Lucid Culture

JAZZ, CLASSICAL MUSIC AND THE ARTS IN NEW YORK CITY

Trouble in Tribeca, Part Two: Chicha Libre, the Cuban Cowboys and Slavic Soul Party at the 92YTribeca, NYC 1/8/10

Booking agency Trouble Worldwide’s night of showcases for the annual APAP booking agents’ convention continued with two New York institutions who call Brooklyn bar Barbes their home, sandwiched around comedic Bay Area Cuban/American retro rockers the Cuban Cowboys. We have reviewed shows by Chicha Libre a few times; we have seen them more times than we can count. Even by their standards, this one was deliriously fun, the high point of the night (and when you can upstage Slavic Soul Party, that’s pretty damn good). For those who don’t know the band, their style of music is chicha, which takes its name from a Peruvian corn liquor which is sort of that country’s equivalent of Olde English or Colt .45. Wildly popular on a regional basis in the 1970s, chicha music blends psychedelically-tinged American surf music, a Colombian cumbia beat and bits and pieces of just about every other latin style from Brazilian to salsa. Chicha Libre had been asked by the producers of the Simpsons to provide a chicha version of the show’s theme song in honor of the cartoon’s 25th anniversary, which aired Sunday (you can hulu it): the song very cleverly skirted the theme but didn’t tackle it head-on until a break midway through. Because chicha bands in the style’s heyday so frequently chichafied music from just about everywhere else on the globe, Chicha Libre do the same, with results that vary from haunting (the understated, swaying version of Erik Satie’s macabre Gymnopedie No. 1 that they used to open the set on a subdued note) to amusing, notably a cover of Hot Butter’s 70s novelty synth instrumental hit Popcorn (which the band uses as a tribute to corn liquor and weed). They also gave Vivaldi the chicha treatment (Spring, from the Four Seasons, retitled Primavera en la Selva i.e. Springtime in the Jungle), as well as running through tight covers of songs from the classic chicha era, from the hilarious El Borrachito (The Little Drunk Guy), an infectious version of a Juaneco classic and the scurrying Pato de Perro (Dog’s Paw). Josh Camp’s vintage Electrovox electric organ swirled and spun off a forest of eerie overtones and Vincent Douglas’ Telecaster provided the requisite noir twang and clang while Olivier Conan’s cuatro in tandem with the percussionists clattered like an old VW taxicab, confident in its knowledge of every rut and bump in the road.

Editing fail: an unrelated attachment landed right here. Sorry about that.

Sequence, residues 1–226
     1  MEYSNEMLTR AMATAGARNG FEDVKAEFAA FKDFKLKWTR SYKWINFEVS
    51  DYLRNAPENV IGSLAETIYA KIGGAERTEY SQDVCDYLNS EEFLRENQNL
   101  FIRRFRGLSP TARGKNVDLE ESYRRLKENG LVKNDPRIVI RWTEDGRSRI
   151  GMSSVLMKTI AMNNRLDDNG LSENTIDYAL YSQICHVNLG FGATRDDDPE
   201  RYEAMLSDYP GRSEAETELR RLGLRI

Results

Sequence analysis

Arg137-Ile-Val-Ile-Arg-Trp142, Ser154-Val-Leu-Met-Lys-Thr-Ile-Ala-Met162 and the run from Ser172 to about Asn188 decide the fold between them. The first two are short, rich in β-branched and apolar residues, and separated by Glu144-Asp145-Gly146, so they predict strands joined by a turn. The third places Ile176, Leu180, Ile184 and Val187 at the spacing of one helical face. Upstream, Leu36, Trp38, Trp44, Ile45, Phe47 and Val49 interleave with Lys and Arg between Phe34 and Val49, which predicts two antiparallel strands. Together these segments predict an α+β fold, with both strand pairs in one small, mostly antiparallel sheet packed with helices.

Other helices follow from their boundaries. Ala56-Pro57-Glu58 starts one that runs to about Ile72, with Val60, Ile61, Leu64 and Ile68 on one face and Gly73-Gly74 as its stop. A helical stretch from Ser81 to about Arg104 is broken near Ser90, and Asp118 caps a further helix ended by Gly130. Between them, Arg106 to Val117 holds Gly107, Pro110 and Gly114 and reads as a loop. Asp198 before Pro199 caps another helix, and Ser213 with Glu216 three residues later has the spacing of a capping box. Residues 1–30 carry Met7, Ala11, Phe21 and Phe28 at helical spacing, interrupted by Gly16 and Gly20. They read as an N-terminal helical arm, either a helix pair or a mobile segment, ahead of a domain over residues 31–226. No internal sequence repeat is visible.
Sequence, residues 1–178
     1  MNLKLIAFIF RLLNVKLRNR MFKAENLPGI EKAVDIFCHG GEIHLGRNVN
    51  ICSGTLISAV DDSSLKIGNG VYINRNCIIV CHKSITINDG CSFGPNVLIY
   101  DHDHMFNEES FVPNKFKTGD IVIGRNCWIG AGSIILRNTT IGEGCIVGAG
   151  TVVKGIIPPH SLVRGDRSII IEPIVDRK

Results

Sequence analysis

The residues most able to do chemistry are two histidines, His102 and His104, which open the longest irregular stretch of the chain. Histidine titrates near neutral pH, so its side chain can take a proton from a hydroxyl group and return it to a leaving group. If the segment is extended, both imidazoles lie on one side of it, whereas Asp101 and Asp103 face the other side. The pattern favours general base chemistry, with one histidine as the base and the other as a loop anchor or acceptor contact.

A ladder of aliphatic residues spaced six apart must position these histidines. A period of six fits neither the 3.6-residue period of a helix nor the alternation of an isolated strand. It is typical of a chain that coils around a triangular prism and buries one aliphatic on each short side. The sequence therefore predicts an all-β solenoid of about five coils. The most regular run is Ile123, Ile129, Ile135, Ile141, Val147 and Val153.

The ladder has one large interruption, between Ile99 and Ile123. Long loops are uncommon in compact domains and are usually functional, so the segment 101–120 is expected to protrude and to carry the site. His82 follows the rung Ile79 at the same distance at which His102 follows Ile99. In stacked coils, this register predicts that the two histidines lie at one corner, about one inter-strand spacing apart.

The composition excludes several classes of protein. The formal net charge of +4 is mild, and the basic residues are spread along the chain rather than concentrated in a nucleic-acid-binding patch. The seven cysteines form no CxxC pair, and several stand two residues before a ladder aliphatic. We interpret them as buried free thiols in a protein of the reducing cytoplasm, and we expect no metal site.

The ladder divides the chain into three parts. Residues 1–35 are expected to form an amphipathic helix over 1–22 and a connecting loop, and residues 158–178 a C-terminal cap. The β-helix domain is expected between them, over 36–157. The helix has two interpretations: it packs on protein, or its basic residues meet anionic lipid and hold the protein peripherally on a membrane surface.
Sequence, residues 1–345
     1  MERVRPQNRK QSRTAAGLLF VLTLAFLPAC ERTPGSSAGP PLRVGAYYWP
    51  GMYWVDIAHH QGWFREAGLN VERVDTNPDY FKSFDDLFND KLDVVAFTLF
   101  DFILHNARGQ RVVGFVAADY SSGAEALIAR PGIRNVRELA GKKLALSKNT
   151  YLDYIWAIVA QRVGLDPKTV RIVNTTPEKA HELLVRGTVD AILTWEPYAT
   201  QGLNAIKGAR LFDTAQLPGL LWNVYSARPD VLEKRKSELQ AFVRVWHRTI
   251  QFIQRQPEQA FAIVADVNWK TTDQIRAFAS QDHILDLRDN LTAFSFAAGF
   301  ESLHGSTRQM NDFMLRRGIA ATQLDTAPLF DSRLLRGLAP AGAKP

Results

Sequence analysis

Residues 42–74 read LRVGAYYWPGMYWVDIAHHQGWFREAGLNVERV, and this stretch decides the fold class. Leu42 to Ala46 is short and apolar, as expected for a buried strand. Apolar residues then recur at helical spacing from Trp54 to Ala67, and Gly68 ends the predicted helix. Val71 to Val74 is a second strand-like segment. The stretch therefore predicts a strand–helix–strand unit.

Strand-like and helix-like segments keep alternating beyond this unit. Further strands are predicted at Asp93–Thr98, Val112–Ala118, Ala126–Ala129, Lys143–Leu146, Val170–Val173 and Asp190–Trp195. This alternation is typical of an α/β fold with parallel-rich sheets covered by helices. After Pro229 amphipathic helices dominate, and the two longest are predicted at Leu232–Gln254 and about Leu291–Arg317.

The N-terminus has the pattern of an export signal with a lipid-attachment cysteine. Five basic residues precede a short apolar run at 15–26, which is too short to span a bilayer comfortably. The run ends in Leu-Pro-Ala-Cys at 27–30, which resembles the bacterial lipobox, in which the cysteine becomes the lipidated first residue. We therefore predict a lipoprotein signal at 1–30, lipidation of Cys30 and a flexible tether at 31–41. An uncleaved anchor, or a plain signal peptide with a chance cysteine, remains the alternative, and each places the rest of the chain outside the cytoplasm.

The Cuban Cowboys brought a stagy, occasionally campy, over-the-top sensibility to their Cuban-inflected mix of reverb-soaked surf and garage rock songs. A tongue-in-cheek number about a gay sailor bounced along on a ska beat; by contrast, a dark, minor-key tango reflected on the Obama adminstration’s failure so far to normalize Cuban-American relations. Another serious number, Dance with the Devil touched on the band’s disastrous experience with a big record label. They closed with the side-splitting Senor Balaban, a nonstop, rapidfire Spanish-language narrative about a kid getting a sex education talk from a bunch of old Cuban geezers. “It helps if she’s drunk,” one of them soberly asserts.